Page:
The Federal Reserve Board announced Jan. 18 it has finalized a rule adjusting the board’s maximum civil money penalties, as required by law. In November 2015, a law was passed requiring all federal agencies to adjust their maximum civil money penalty limits annually for inflation, rather than every four years as previously required. The maximum civil money penalty limits depend on several factors, including the severity and type of violation. The law also dictates the annual adjustment formula for federal agencies.
The new penalty amounts went into effect Jan. 15.
To learn more, read the Federal Reserve news release.
The Office of the Comptroller of the Currency has announced the publication of a final rule in the Federal Register adjusting the maximum amount of each civil money penalty for which the OCC is responsible. The adjusted maximum amounts apply only to penalties assessed after Jan. 15 for violations that occurred on or after Nov. 2, 2015.
The effective date of this final rule was Jan. 27.
To read the OCC bulletin on the final rule, click here.
NCUA raises civil money penalties
The National Credit Union Administration published an interim final rule amending its regulations to adjust the maximum amount of each civil money penalty within its jurisdiction to account for inflation. The action is required by the Federal Civil Penalties Inflation Adjustment Act Improvements Act of 2015.
The adjusted maximums reflect the application of a multiplier of 1.01636 to the maximum amounts in effect since mid-2016, when the first adjustments under the act were made. The multiplier is used to increase annually the maximums by the percentage by which the Consumer Price Index for Urban Consumers for the year immediately preceding the year the adjustment is made exceeds the CPI-U for October of the prior year.
Comments are due by Feb. 22.
To learn more, see the Federal Register notice by clicking here.
January NCUA Report addresses new CDFI application process
In the latest issue of The NCUA Report, an article by NCUA’s Office of Small Credit Union Initiatives discusses the new, streamlined application process the NCUA and the Community Development Financial Institution Fund have created for qualifying low-income credit unions, and how this process can help more credit unions become CDFI certified.
To read more about the January NCUA Report, click here.
On Jan. 27, the National Credit Union Administration released a new YouTube video module to help credit union board members learn more about key ratios and how they directly affect a credit union’s bottom line. The series of five videos, Understanding Key Ratios, examines four key ratios, what they measure and what trends signal improving or declining financial health. The module is a follow-up to NCUA’s Understanding Financial Statements video module, which explores key line items of a financial statement. The video series explains how those line items, when combined into ratios, provide quick snapshots into a credit union’s financial health.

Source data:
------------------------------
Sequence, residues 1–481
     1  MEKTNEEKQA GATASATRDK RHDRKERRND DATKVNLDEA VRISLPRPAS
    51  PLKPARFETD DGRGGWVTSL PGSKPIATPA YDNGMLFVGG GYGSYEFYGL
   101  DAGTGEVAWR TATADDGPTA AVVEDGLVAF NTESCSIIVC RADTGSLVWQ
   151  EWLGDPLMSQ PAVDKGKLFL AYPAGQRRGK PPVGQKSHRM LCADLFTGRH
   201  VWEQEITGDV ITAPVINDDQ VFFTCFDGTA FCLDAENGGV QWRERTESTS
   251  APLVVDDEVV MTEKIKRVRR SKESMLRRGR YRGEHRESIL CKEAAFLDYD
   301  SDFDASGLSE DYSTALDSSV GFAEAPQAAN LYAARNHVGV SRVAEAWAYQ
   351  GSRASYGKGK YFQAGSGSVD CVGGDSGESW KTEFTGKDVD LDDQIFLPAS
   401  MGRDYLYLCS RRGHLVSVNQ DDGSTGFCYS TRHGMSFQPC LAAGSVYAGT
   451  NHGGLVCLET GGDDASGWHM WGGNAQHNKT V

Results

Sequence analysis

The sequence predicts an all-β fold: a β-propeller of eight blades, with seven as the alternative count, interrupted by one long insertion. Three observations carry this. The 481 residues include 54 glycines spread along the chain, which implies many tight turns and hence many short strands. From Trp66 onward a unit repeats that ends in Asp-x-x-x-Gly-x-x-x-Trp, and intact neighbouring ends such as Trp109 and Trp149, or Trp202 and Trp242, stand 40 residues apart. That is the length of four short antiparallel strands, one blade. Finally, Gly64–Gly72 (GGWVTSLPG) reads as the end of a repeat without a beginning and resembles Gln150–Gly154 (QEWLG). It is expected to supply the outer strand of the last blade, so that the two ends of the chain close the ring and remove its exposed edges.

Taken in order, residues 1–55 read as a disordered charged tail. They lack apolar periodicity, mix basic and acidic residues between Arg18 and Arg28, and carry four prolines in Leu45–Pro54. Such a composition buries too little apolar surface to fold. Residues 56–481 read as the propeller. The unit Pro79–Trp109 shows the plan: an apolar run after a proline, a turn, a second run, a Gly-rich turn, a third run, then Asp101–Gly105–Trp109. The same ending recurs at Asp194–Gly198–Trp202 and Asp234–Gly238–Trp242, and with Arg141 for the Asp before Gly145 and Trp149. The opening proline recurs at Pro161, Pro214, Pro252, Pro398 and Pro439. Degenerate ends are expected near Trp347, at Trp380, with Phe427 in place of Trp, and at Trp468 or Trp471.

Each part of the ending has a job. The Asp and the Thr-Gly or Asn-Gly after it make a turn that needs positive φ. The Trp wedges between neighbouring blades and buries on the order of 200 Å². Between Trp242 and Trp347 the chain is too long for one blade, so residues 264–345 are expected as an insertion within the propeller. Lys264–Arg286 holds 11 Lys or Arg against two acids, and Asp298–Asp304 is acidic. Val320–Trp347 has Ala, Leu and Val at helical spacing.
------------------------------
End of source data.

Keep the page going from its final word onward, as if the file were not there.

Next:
To learn more about the video series, click here.
More compliance news
CFPB seeks members for consumer advisory groups
The Consumer Financial Protection Bureau announced in a Jan. 16 blog post it is accepting applications to its Consumer Advisory Board, Community Bank Advisory Council, and Credit Union Advisory Council. These advisory groups provide the CFPB with information on emerging trends and practices in the consumer financial marketplace, and also allow the bureau to hear directly from small financial institutions.
The CFPB is accepting applications for membership in all of its advisory groups and is specifically looking for:
• Experts in consumer protection, community development, consumer finance, fair lending and civil rights;
• Experts in consumer financial products or services;
• Representatives of banks that primarily serve underserved communities;
• Representatives of communities that have been significantly impacted by higher priced mortgage loans;
• Current employees of credit unions and community banks; and
• Academics (experts in consumer finance markets and underserved populations).
Seven seats on the Consumer Advisory Board will become vacant in the fall of 2017. Two seats on the Community Bank Advisory Council will become vacant in the fall, and six seats on the Credit Union Advisory Council will become vacant.
To learn more about the groups and how to apply, click here.
Treasury sanctions supporters of Iran’s ballistic missile program
The U.S. Department of Treasury’s Office of Foreign Assets Control sanctioned multiple entities and individuals involved in procuring technology and/or materials to support Iran’s ballistic missile program, as well as for acting for or on half of or providing support to Iran’s Revolutionary Guard Corps-Qods Force. The action reflects the U.S. commitment to enforcing sanctions on Iran with respect to its ballistic missile program and destabilizing activities in the region and is consistent with U.S. commitments under the Joint Comprehensive Plan of Action, according to a news release.
To read more about the sanctions, click here.